The Australian Transport Safety Bureau (ATSB) has identified fatigue cracking “understood to be related to the manufacturing process” as “central” to the QF32 Rolls-Royce Trent 900 uncontained failure last month.
“Recent examination of components removed from the failed engine at the Rolls-Royce plc facility in Derby, United Kingdom, have identified the presence of fatigue cracking within a stub pipe that feeds oil into the high pressure (HP)/intermediate pressure (IP) bearing structure,” the ATSB safety recommendation reads. “While the analysis of the engine failure is ongoing, it has been identified that the leakage of oil into the HP/IP bearing structure buffer space (and a subsequent oil fire within that area) was central to the engine failure and IP turbine disc liberation event.”
The ATSB says that further examination found “axial misalignment” of an area of counter-boring within the inner diameter of the pipe, which resulted in localised thinning of the pipe, which in turn led to fatigue cracking.
“Misaligned stub pipe counter-boring is understood to be related to the manufacturing process. This condition could lead to an elevated risk of fatigue crack initiation and growth, oil leakage and potential catastrophic engine failure from a resulting oil fire,” the ATSB notes.
Subsequent to the ATSB’s findings, Rolls-Royce has issued a service bulletin to Trent 900 operators, and CASA a direction to Qantas for inspections of the engines, with Qantas announcing it will conduct “further, more detailed one-off inspections” of its Trent 900s.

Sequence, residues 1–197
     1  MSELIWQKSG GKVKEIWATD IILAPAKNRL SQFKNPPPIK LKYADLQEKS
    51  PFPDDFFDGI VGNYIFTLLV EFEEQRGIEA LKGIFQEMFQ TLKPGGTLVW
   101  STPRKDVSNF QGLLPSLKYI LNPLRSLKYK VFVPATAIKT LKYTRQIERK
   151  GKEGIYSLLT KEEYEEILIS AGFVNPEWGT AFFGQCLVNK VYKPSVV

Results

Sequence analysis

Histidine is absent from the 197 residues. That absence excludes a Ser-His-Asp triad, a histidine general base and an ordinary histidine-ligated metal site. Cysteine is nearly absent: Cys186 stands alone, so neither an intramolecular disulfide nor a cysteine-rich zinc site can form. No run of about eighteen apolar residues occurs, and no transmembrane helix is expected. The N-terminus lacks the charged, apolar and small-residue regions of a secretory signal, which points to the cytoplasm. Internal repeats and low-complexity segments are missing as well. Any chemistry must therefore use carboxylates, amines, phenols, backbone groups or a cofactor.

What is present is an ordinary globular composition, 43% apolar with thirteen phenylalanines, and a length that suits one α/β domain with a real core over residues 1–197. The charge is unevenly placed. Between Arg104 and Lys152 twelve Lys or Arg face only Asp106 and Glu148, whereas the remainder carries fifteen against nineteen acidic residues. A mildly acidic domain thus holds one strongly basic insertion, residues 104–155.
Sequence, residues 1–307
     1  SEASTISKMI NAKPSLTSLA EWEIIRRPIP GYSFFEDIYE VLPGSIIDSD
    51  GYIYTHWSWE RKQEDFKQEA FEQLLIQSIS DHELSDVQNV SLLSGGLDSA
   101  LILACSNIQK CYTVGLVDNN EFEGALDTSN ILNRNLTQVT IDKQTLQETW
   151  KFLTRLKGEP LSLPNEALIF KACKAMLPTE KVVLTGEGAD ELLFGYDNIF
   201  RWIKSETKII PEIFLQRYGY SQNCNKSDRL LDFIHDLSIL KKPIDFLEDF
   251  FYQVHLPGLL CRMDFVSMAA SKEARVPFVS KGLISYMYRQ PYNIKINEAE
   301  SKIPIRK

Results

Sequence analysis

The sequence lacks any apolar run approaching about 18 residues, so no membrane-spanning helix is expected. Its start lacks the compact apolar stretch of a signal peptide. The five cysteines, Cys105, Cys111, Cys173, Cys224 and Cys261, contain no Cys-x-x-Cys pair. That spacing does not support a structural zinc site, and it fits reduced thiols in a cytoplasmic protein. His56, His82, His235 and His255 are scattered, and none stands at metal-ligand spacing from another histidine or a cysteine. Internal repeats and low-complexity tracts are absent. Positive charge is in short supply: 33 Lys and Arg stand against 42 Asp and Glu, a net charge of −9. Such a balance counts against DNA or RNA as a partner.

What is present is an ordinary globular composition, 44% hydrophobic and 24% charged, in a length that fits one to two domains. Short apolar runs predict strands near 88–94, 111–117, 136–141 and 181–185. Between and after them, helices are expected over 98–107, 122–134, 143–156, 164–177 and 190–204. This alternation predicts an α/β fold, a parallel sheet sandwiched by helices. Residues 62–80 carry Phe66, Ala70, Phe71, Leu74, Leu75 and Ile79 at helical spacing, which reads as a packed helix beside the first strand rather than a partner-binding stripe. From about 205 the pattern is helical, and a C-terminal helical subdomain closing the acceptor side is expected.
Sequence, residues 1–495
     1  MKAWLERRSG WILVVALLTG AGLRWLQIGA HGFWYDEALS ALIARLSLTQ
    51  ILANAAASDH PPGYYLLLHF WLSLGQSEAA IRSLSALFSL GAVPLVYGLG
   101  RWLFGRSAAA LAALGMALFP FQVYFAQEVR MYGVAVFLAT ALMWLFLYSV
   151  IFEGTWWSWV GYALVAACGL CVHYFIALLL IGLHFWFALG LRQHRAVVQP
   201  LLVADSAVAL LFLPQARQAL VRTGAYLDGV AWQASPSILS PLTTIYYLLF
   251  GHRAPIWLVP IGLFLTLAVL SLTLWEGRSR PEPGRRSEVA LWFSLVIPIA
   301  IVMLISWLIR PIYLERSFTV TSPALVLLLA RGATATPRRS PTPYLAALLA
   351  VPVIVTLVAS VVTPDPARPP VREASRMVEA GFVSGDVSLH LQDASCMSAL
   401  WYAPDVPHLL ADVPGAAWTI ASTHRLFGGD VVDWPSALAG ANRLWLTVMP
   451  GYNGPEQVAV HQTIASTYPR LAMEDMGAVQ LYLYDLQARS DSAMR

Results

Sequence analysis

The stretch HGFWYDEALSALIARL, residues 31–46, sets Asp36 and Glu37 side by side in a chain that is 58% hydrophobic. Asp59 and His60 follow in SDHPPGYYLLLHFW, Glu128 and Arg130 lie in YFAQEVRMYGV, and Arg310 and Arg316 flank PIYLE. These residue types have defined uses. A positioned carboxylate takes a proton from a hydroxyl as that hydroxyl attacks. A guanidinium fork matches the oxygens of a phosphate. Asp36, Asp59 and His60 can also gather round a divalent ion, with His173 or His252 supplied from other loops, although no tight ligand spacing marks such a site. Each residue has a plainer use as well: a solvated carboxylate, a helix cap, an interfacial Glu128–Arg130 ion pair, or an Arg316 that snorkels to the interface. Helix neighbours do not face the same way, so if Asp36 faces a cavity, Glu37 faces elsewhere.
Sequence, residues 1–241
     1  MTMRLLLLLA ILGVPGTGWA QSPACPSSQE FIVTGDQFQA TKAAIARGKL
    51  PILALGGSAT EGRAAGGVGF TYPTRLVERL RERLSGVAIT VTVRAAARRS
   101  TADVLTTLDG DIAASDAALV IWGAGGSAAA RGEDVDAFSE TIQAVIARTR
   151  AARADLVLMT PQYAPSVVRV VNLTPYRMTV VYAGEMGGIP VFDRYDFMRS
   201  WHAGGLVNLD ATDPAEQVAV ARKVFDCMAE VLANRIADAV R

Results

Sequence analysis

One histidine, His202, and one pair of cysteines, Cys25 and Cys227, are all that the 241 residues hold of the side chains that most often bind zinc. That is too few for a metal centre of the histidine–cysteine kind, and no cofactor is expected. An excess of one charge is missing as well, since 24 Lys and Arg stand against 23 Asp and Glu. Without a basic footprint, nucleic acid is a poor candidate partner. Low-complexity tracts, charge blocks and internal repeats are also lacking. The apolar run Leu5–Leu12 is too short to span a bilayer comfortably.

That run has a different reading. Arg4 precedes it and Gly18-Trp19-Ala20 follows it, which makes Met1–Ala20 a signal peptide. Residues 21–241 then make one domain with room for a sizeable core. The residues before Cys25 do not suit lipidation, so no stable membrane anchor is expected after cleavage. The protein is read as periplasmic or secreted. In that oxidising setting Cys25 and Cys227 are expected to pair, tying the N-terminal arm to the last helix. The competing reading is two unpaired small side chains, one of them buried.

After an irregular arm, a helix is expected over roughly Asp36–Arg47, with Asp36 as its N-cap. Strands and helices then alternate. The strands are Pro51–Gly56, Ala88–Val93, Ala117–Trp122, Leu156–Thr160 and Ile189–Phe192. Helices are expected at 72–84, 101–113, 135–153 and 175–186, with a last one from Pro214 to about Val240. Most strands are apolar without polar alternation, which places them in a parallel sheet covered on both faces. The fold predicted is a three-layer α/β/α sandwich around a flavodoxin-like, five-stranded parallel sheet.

“After discussions with the ATSB and Rolls-Royce, it was decided it was prudent to conduct further inspections of engine components, although there is no immediate risk to flight safety,” Qantas says.
Qantas currently has two A380s back in service, and says borescope inspections of these aircraft’s engines will begin Thursday afternoon. It says it does not expect the new inspections will affect A380 flight operations, but is putting contingency plans in place “if needed”.
“The ATSB’s recommendation is that these one-off inspections be conducted within two flight cycles, which provides a level of inspection over and above the current 20 cycle inspection required by the European Aviation Safety Agency (EASA),” the Qantas statement reads.
“Qantas will determine any further response after it has finalised the inspection regime and consulted with both regulators and the manufacturer.”
The ATSB will issue its preliminary factual report into QF32 on Friday.